"Striking Disparities" in the Earnings of...Mobsters?
The Times is taking its recent bout of class consciousness underground: Apparently even the mob is divided into haves and have-nots, according to "Some Made Men Struggle to Make Ends Meet" by reporter William Rashbaum.
"Richard Martino, a slender 47-year-old, favors Prada shoes and until recently drove a sleek black Mercedes-Benz. He has owned multimillion-dollar homes in Harrison and Southampton, N.Y. He spent much of the last decade running a telecommunications and Internet business to which his expertise helped bring in hundreds of millions of dollars. By one accounting, he made tens of millions for himself.
"John Setaro, 57, did not finish high school, and has worked recently managing a fast-food restaurant in Seaford on Long Island. He generally wears neat but casual clothes, and lives in a modest, vinyl-sided, colonial-style house in Franklin Square. During a difficult period several years ago, according to his lawyer, he was making $2,400 a month.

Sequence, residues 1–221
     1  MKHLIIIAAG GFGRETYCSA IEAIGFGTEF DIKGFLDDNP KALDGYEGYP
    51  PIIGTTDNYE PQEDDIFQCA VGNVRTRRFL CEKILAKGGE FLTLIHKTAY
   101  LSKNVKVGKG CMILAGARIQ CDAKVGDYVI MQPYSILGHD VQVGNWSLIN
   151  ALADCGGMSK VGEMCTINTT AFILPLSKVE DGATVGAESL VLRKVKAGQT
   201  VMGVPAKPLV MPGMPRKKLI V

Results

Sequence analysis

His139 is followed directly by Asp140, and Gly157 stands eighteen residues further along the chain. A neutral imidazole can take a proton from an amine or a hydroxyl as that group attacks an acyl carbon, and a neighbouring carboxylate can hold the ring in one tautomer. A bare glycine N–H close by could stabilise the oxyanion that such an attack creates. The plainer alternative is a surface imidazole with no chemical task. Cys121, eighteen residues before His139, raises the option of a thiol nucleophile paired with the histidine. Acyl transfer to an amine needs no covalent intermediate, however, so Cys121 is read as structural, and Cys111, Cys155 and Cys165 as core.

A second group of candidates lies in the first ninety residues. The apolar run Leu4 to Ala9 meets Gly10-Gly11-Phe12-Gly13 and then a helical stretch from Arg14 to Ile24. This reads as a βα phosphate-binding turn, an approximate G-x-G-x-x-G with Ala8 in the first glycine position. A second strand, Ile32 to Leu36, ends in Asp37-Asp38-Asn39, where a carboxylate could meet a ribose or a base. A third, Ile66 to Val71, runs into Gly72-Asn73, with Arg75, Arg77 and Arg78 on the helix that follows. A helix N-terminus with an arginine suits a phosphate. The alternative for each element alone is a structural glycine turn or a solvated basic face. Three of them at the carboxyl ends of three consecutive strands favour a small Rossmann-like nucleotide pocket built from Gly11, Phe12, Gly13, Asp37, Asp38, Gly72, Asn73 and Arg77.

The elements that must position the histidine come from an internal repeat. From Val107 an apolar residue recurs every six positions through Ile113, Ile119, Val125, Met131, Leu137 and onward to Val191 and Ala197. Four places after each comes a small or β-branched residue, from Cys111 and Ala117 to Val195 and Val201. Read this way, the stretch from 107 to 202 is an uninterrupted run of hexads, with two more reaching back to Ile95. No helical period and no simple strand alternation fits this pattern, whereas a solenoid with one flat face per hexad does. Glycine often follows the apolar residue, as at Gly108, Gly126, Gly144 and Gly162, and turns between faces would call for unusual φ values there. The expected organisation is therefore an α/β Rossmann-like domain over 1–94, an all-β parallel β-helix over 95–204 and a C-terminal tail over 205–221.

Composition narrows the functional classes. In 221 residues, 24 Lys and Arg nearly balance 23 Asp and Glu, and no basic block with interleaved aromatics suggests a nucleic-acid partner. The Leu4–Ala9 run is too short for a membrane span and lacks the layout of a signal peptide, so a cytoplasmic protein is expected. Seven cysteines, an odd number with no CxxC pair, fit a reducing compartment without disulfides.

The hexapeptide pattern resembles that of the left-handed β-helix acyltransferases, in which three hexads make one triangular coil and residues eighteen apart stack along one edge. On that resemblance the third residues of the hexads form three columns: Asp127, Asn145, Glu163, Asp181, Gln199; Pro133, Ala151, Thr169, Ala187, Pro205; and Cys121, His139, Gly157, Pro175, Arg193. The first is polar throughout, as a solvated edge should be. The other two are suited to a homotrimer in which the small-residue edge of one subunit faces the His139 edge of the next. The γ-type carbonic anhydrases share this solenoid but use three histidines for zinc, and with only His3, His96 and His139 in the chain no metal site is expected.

"But the two men nonetheless share an extraordinary bond, according to federal authorities: Both swore an oath to the Gambino crime family in a secret induction ceremony.
"The striking disparities underscore a simple truth not always understood outside the ranks of the city's five crime families: Some mobsters reap millions from rackets, and in some cases from legitimate enterprises, but many struggle to maintain a middle-class existence, and some are routinely broke. The impoverished gangster barely eking out a living is so commonplace that mobsters have a word for these poorer men of honor: brokesters."